Nina Clifford’s brothel at 147 South Washington Avenue in St. Paul, down the street from Ida Dorsey’s brothel at 151 South Washington Avenue. Photograph by A. F. Raymond, 1937.

Home of Nina Clifford

Nina Clifford’s brothel at 147 South Washington Avenue in St. Paul, down the street from Ida Dorsey’s brothel at 151 South Washington Avenue. Photograph by A. F. Raymond, 1937.

A street scene at the intersection of Second Street North and Second Avenue North, Minneapolis, around the time that Ida Dorsey operated a brothel on Second Avenue. Photographer unknown, ca. 1912.

Second Street North from Second Avenue North, Minneapolis

A street scene at the intersection of Second Street North and Second Avenue North, Minneapolis, around the time that Ida Dorsey operated a brothel on Second Avenue. Photographer unknown, ca. 1912.

Building at 220 Eleventh Avenue South, Minneapolis, close to Ida Dorsey’s Eleventh Avenue bordello. Photograph by Joseph Zalusky, ca. 1890s.

220 Eleventh Avenue South, Minneapolis

Building at 220 Eleventh Avenue South, Minneapolis, close to Ida Dorsey’s Eleventh Avenue bordello. Photograph by Joseph Zalusky, ca. 1890s.

Dorsey, Ida (1866–1918)

Employing the racial prejudices and fantasies of elite male clients once used against her, Ida Dorsey established herself as one of the Twin Cities’ most notorious madams, running multiple brothels between the 1880s and the 1910s. As a woman of color in an industry dominated by white women, she demonstrated herself an adept businesswoman and real estate owner when most women had neither income nor property.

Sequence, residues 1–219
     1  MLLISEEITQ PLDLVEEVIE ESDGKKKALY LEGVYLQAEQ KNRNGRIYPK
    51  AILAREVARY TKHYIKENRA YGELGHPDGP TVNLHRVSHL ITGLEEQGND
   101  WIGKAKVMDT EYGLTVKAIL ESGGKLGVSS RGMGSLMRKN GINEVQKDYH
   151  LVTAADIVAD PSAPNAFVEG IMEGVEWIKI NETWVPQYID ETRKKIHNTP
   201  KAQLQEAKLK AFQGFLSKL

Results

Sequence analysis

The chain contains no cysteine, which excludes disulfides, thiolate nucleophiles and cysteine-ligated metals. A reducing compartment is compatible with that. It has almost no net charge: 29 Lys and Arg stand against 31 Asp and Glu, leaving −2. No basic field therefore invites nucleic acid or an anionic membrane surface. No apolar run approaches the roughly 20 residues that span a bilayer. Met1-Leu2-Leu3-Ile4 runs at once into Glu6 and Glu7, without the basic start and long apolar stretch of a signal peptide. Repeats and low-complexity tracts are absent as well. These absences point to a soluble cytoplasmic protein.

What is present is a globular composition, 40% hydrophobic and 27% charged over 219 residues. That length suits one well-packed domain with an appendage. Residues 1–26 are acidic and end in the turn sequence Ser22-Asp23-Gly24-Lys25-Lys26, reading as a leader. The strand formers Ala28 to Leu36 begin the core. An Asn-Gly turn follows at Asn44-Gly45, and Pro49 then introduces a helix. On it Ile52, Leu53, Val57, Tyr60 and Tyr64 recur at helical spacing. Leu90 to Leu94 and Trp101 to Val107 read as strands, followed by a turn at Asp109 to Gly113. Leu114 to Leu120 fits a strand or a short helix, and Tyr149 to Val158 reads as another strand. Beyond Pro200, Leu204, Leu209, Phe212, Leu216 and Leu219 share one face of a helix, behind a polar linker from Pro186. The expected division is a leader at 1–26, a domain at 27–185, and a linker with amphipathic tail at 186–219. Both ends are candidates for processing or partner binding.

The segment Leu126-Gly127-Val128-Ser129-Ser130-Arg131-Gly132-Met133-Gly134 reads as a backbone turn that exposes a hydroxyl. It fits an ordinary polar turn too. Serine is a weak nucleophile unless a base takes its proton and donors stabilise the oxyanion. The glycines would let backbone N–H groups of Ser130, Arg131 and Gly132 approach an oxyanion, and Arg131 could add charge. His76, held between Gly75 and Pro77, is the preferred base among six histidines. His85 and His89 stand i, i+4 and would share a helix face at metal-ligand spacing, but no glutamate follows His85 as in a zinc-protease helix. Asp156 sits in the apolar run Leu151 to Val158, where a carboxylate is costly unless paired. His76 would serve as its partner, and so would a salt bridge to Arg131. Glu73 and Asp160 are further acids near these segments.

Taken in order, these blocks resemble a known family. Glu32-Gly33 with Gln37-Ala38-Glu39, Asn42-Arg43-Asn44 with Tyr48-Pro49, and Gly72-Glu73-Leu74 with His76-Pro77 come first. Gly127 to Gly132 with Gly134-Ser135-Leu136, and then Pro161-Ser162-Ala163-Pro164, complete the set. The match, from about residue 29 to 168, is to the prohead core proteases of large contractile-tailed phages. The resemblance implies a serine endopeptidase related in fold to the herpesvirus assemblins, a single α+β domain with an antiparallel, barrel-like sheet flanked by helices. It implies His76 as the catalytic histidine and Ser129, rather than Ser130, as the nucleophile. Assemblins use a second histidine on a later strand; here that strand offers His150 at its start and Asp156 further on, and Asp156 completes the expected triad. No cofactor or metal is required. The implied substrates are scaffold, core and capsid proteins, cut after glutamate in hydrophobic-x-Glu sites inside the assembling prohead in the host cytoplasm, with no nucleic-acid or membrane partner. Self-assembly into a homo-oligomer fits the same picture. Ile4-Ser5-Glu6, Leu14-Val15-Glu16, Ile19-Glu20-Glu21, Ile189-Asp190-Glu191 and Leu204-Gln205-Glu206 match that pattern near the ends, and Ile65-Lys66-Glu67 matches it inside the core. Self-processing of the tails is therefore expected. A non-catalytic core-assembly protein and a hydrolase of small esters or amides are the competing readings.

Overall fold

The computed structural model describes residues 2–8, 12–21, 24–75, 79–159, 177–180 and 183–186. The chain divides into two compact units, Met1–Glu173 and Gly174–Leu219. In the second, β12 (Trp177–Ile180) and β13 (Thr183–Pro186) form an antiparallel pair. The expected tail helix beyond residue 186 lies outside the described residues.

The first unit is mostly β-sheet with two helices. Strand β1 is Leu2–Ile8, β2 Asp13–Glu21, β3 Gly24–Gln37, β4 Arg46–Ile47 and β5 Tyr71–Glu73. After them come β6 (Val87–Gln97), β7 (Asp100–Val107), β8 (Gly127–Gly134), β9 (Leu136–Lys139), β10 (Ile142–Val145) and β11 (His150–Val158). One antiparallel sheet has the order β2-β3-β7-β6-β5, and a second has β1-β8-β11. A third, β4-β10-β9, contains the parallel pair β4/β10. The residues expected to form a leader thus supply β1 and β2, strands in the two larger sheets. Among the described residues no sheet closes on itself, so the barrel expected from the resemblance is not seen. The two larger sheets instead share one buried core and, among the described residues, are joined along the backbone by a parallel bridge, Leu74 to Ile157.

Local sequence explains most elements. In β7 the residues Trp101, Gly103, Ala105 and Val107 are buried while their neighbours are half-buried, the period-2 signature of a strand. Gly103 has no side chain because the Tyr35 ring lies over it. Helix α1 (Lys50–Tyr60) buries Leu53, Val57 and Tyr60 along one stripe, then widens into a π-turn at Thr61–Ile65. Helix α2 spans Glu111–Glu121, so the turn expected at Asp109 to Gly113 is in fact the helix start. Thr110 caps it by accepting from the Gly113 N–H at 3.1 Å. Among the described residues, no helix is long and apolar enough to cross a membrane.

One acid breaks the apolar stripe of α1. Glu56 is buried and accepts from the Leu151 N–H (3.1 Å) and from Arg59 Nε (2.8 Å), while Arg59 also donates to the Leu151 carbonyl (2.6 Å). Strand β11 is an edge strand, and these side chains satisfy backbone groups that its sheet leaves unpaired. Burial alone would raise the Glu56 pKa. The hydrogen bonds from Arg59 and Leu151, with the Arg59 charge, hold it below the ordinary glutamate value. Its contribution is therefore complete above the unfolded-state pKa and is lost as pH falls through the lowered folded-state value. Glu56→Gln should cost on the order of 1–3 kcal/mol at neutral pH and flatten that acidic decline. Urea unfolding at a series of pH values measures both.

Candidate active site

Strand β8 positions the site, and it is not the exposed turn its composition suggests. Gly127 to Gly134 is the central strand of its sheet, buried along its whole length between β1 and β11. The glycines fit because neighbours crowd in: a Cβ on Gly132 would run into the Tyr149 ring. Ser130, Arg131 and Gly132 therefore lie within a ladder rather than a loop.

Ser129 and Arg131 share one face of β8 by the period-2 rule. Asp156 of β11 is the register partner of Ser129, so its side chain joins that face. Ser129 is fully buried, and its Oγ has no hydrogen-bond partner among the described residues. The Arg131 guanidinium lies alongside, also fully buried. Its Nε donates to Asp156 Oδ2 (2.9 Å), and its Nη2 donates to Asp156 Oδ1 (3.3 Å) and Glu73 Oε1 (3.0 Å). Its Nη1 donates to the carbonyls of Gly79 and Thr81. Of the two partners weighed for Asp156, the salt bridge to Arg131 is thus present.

Hormel strikers' picket line

Hormel strikers' picket line

Hormel Foods employees link arms to form a picket line during the 1985–1986 strike against that company.

Police release tear gas on Hormel protesters

Police release tear gas on Hormel protesters

On April 10, 1986, police use tear gas on workers protesting the Hormel Foods company. Minneapolis Star Tribune negatives collection, box 596 (Hormel strike images).

American Dream movie poster

American Dream movie poster

The Academy Award-winning documentary film American Dream, directed by Barbara Kopple, chronicles the Hormel strike, exploring the human cost of the economic decline in America’s heartland. Kopple captured the tension between the strikers, the parent union, and Hormel through failed negotiations and demonstrations. The film shows P-9 members banding together to help each other as the strike dragged on. American Dream also follows union infighting, fights with replacement workers, and P9’s hiring of consultant Ray Rogers, who specialized in union strategizing and gaining public support. Used with the permission of Barbara Kopple.

Hormel strike button

Hormel strike button

Local P-9 Hormel strike button worn by member of the United Foods and Commercial Workers International Union, Local P-9, to protest at the Hormel plant in Austin, Minnesota, 1985–1986.

Hormel strike button

Hormel strike button

Hormel strike button worn by a member of the United Food and Commercial Workers International Union, Local P-9, to protest at the Hormel plant in Austin, Minnesota, 1985–1986.

Hormel strike button

Hormel strike button

Hormel strike button worn by a member of the United Food and Commercial Workers International Union, Local P-9, to protest at the Hormel plant in Austin, Minnesota, 1985–1986.

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